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Why Oakland City Hall Attempted Robbery May Not Prove Need for More Police

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If you’re looking for reasons to support a bloated police budget, you may think you got your big ‘gotcha’ moment with Sunday’s story about a security guard stopping an armed robbery of a news crew at Oakland City Hall during an interview with the city’s Department of Violence Prevention head.

On the flip side, people could see the incident as proof that current policing is pretty ineffective and that budget has little to do with that reality. 

According to NBC Bay Area spokesperson Liza Catalan, two armed people approached the television news crew around 3 p.m. during its interview of Guillermo Cespedes and attempted to steal the news camera. What’s been described as a “scuffle” occurred but was stopped when an armed security guard, contracted by the news station, pulled his gun and instructed the suspects to leave.

And it worked. The robbers ran away without the camera and the security guard did not discharge his weapon. Everybody left the scene rattled but uninjured.

The Oakland Police Officers’ Association wasted little time posting the SF Chronicle story on its Facebook page and the comments quickly poured in about ‘oh, the irony.’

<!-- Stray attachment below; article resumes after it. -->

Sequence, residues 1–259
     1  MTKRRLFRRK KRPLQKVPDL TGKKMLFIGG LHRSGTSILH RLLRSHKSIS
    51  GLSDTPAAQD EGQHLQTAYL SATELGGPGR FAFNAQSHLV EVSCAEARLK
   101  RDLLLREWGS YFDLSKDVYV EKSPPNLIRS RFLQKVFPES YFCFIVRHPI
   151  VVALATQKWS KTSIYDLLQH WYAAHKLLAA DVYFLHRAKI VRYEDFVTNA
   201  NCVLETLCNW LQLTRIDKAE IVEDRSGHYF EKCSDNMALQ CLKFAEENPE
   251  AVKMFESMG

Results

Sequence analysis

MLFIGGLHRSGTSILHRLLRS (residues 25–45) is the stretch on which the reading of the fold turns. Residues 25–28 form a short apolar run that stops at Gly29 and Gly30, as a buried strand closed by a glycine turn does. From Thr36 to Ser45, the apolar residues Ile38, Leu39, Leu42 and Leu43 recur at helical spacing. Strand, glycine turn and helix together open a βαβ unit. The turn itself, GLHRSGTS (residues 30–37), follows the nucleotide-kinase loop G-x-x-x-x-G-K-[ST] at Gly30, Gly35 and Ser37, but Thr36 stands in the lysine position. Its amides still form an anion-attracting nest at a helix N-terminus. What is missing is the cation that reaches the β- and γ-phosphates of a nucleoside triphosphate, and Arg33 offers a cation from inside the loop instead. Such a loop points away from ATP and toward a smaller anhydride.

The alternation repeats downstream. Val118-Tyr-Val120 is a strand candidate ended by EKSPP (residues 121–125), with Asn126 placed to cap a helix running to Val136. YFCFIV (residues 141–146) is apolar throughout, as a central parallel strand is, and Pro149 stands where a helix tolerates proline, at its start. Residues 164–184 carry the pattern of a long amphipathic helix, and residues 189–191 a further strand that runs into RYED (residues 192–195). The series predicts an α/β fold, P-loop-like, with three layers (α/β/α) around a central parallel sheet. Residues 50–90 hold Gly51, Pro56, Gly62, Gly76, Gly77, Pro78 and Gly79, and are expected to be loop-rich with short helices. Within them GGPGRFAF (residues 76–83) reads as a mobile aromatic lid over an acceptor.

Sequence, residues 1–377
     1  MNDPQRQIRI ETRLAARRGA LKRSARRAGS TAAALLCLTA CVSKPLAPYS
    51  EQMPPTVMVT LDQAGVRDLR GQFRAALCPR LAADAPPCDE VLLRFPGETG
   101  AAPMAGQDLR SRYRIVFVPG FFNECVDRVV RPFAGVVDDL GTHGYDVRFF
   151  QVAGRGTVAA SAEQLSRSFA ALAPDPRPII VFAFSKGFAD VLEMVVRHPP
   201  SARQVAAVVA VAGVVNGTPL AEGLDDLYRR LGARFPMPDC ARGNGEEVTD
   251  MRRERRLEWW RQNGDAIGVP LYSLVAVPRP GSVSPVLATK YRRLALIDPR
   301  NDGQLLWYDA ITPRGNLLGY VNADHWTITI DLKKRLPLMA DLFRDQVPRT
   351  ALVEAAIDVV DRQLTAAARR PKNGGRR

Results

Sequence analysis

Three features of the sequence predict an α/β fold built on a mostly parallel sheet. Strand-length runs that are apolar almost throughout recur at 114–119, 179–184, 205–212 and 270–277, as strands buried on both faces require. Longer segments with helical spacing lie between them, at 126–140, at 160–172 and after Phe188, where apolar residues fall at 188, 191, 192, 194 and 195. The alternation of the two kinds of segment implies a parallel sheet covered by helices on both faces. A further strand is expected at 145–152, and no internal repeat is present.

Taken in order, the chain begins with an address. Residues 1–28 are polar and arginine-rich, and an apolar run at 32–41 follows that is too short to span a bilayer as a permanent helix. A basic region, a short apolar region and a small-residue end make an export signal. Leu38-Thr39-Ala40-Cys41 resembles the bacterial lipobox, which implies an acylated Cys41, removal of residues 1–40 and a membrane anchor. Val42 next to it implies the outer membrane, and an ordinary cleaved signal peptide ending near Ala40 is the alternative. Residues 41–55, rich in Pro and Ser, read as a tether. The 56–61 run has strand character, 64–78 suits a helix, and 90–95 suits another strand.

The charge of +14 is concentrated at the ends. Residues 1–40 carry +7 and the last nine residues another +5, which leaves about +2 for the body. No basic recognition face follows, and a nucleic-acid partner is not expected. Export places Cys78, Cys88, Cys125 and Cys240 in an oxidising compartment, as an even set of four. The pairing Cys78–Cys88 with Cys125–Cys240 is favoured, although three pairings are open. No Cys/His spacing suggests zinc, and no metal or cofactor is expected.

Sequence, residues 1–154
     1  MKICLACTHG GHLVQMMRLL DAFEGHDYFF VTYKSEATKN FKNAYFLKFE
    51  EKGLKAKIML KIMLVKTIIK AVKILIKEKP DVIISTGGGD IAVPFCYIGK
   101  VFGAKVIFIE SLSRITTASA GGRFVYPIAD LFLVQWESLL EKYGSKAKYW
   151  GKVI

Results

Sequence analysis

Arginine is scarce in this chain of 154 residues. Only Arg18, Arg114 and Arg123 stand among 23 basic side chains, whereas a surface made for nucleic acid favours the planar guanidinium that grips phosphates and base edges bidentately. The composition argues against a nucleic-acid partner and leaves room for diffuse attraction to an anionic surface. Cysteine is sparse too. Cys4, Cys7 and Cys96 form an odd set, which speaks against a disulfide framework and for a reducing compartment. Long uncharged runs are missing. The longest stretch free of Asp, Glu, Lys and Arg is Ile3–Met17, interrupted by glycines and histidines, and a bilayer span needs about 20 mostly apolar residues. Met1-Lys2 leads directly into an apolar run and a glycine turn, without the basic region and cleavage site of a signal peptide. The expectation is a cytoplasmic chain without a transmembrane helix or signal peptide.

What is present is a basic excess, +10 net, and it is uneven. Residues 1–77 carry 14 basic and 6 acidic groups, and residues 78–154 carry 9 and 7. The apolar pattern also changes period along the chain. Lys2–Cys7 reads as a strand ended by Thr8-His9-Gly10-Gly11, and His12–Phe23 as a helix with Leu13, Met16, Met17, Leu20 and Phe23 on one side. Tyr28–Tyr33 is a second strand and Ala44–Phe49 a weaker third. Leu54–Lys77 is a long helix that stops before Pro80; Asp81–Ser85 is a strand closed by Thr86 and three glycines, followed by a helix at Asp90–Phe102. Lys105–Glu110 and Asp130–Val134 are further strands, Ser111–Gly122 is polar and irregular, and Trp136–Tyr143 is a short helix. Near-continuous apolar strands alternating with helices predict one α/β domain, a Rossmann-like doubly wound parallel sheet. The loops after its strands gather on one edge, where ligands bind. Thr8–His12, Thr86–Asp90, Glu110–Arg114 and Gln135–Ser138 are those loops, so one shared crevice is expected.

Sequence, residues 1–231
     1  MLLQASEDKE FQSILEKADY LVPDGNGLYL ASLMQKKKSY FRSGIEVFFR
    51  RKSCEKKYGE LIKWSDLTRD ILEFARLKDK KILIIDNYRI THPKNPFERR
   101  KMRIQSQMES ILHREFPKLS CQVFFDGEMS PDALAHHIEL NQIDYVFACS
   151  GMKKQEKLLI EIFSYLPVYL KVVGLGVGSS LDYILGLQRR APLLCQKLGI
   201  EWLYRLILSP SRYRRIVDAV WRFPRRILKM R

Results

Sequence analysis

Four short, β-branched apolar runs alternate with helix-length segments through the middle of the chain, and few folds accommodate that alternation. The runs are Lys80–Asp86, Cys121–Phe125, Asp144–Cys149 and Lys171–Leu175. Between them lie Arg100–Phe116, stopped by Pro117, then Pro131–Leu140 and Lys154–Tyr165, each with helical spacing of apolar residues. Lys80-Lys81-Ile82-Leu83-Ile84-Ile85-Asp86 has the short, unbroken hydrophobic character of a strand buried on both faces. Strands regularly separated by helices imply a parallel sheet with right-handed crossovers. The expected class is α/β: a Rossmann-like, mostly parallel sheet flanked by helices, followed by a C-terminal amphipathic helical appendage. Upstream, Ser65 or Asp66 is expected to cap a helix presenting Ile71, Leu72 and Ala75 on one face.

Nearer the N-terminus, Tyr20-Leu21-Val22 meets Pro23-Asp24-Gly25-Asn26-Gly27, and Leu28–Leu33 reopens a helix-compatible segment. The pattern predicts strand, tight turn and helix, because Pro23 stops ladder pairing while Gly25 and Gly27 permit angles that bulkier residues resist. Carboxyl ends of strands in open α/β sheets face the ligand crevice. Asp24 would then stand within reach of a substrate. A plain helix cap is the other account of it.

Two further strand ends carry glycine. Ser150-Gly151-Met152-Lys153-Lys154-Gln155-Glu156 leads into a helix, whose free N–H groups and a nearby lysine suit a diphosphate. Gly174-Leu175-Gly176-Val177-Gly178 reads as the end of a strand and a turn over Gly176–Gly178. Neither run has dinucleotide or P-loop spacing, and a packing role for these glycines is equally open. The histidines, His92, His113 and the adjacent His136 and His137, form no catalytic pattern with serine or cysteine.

But is it ironic? Or does the incident highlight the point City Council is actually trying to make?

Swearing in new officers to Oakland Police Department in 2013. Photo courtesy of SFGate

Two things need to be cleared up. 

First, the 2021-23 OPD budget is not being “cut” — they simply did not get everything they asked for. The 2019-21 police budget came in at $665 million and the upcoming budget, even with the $18 million to alternative violence prevention, is set at $674 million. Basic math tells you the budget is mildly increasing.

Second, funds being shifted to the city’s Department of Violence Prevention will be used primarily to establish new Mobile Crisis Response (MACRO) teams that will specialize in mental and behavioral crises. According to Council President Nikki Fortunato Bas, a large portion of Oakland’s 911 calls are non-criminal issues. The MACRO teams would take a load off police need to respond in non-violent situations and leave them more resources to answer calls they’re better equipped to handle. 

Where some people claim the City Hall incident proves a need for more police officers, others see it as proof that officers are overwhelmed with non-criminal calls. If they weren’t so busy responding to incidents they aren’t well trained to deal with, they may have been able to better patrol the City Hall area on a Sunday afternoon, and maybe the security guard wouldn’t have had to step in. 

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Nik Wojcik - East Bay Editor

Nik Wojcik - East Bay Editor

Journalist, editor, student, single mom to a pack of wolves, foodie, music lover, resident smart ass, and champion of vulgarity and human kindness.